Adam J. Ramsey
The Talos Principle: Deluxe Edition offers a huge amount of quality, intelligent gameplay for sci-fi fans and puzzle goers alike. Although it tries a little too hard at times, the title's narrative is generally rich and compelling – and there's enough side content available to keep even the most curious of androids busy for hours at a time. If you're in the market for a fulfilling, well-paced puzzler on the PS4, look no further than this one.
Those looking for a bombastic, light-hearted game to sink some time into – no pun intended – will surely find just that in Super Time Force Ultra. It's a fantastic side-scrolling shooter in itself, but its stellar level design, personality, and time-travelling capabilities make it into something very special. STFU is one of the best indie releases on PS4.
A sterling example of the point-and-click genre, this revitalised classic continues to exceed expectations more than twenty years after its initial release. A must-have for fans of the original and a great point of entry for anyone new to the formula, Day of the Tentacle Remastered harbours a fantastic charm that can scarcely be found elsewhere.
Hotline Miami 2: Wrong Number is certainly worth giving a go if you revel in action and the thrill of risk/reward situations. While newcomers may be left in the dark, fans of the first game will most likely complete it feeling pleased and satisfied. All things considered, Dennaton Games' second Hotline outing isn't quite as spectacular as it could have been – thanks to some flaws in its level design – but that isn't enough to make it anything less than great.
Adventures of Pip is sure to provide any fans of the genre with a good few hours of fun, and offers up some very interesting gameplay mechanics to boot. Unfortunately, the game is undermined by some niggling issues and poor design choices, but these don't hinder it enough to obscure an otherwise charming and intelligent little outing.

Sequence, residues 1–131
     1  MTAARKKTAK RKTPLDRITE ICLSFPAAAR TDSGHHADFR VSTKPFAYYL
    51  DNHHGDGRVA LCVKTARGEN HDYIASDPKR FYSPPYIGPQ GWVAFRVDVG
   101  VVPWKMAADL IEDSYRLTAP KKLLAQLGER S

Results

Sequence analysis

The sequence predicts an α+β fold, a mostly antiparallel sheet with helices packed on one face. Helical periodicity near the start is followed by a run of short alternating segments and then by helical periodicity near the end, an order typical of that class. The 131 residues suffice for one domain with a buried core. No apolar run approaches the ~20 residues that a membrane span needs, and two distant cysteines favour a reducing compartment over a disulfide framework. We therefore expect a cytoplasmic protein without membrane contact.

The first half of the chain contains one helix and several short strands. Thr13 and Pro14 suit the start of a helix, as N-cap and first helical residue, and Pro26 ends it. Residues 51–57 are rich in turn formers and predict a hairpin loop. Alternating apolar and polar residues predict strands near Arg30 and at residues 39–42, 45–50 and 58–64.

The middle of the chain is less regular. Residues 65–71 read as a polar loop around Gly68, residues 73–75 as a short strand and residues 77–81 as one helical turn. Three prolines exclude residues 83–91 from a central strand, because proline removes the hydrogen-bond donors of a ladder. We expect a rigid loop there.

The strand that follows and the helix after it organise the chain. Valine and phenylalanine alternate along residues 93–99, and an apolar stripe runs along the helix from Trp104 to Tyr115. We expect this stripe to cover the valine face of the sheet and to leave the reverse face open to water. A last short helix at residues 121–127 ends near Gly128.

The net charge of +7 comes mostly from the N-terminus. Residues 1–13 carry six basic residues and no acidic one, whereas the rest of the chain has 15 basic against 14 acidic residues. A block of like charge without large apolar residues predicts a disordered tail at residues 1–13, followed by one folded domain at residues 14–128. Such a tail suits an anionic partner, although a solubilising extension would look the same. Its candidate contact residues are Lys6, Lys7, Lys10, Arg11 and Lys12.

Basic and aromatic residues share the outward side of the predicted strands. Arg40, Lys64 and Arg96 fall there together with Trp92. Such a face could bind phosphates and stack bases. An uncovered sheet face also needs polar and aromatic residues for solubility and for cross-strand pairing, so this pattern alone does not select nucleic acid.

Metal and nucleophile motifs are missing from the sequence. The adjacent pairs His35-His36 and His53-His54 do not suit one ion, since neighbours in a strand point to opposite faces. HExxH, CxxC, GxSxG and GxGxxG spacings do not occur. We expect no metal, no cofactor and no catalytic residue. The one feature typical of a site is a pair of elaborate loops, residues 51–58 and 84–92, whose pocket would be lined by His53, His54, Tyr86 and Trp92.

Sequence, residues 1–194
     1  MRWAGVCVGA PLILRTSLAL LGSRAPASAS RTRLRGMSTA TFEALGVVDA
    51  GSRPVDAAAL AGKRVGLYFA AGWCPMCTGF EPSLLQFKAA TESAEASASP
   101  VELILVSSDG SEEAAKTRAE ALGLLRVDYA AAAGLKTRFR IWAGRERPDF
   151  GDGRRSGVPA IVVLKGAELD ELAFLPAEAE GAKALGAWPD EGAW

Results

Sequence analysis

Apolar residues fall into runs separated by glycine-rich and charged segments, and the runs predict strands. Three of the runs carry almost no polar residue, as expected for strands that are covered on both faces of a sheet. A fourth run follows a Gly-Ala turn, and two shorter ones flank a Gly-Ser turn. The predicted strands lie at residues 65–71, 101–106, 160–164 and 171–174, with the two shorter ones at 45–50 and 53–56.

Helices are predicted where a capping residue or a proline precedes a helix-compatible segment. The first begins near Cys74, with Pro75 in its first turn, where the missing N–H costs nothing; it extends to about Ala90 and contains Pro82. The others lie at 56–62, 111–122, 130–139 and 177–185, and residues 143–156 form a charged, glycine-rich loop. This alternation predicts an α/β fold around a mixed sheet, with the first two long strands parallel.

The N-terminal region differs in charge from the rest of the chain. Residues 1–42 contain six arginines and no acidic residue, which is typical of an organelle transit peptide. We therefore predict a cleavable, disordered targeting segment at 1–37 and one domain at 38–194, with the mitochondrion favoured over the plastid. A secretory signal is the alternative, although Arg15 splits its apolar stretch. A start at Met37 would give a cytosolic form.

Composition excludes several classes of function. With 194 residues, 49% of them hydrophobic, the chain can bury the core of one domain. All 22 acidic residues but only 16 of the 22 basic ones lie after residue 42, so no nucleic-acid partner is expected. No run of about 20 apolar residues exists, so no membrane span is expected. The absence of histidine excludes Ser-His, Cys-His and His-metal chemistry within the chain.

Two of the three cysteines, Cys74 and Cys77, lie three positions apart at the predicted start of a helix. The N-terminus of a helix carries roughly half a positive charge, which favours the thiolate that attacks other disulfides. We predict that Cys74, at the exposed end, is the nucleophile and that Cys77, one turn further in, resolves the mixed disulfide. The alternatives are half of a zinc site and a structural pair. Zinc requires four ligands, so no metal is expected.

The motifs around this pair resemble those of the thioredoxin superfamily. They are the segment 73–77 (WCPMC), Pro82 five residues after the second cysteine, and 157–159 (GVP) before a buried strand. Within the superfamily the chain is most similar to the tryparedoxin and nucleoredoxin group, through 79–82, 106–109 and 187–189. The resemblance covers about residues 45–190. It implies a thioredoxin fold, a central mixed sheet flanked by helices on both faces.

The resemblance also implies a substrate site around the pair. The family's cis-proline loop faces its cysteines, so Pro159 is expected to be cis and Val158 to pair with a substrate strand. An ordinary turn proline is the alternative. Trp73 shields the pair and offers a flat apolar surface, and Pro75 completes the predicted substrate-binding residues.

Not a Hero might not always play out the way that you want it to thanks to the fidelity of its controls, but don't let that stop you from enjoying the ensuing chaos and delightful characters. If pixelated explosions and wide-open stages are your sort of thing, then be sure to cast your vote for BunnyLord this coming election.
As a standalone outing, King's Quest - Chaper I: A Knight to Remember isn't bad at all, even if does fall at some disappointingly low hurdles. With aid from the game's charming cast of characters, alongside its inspired visual and audio design, though, fans of the genre will surely have a pleasant trip – albeit an occasionally arduous one.
SideQuest Studios' re-release isn't all that different from its past iterations, but that isn't necessarily a bad thing. The world is still as expansive and pretty as ever, although a lot of its niggling flaws have found their way into this edition, too. However, this is still a solid adventure that promises oodles of gameplay and sports a satisfying battle system, so fantasy fans could do far worse than invest their hard-earned gold in Rainbow Moon.
Those looking for a solid point and click title will find it in The Book of Unwritten Tales 2's reasonably large campaign, though its somewhat basic puzzle design is a shame. Dialogue between characters can often feel a tad overzealous considering the game's light-hearted approach to comedy, making it hard to recommend to anyone unable to stomach an inoffensive, self-aware fantasy romp of this fashion.
Overruled!'s core premise isn't a bad one at all, and developer Dlala Studios clearly has good intentions behind it. However, almost every aspect of the game fails to impress, and the title is ultimately best avoided because of it - especially given the release's desolate online servers, and lack of any meaningful single-player experience.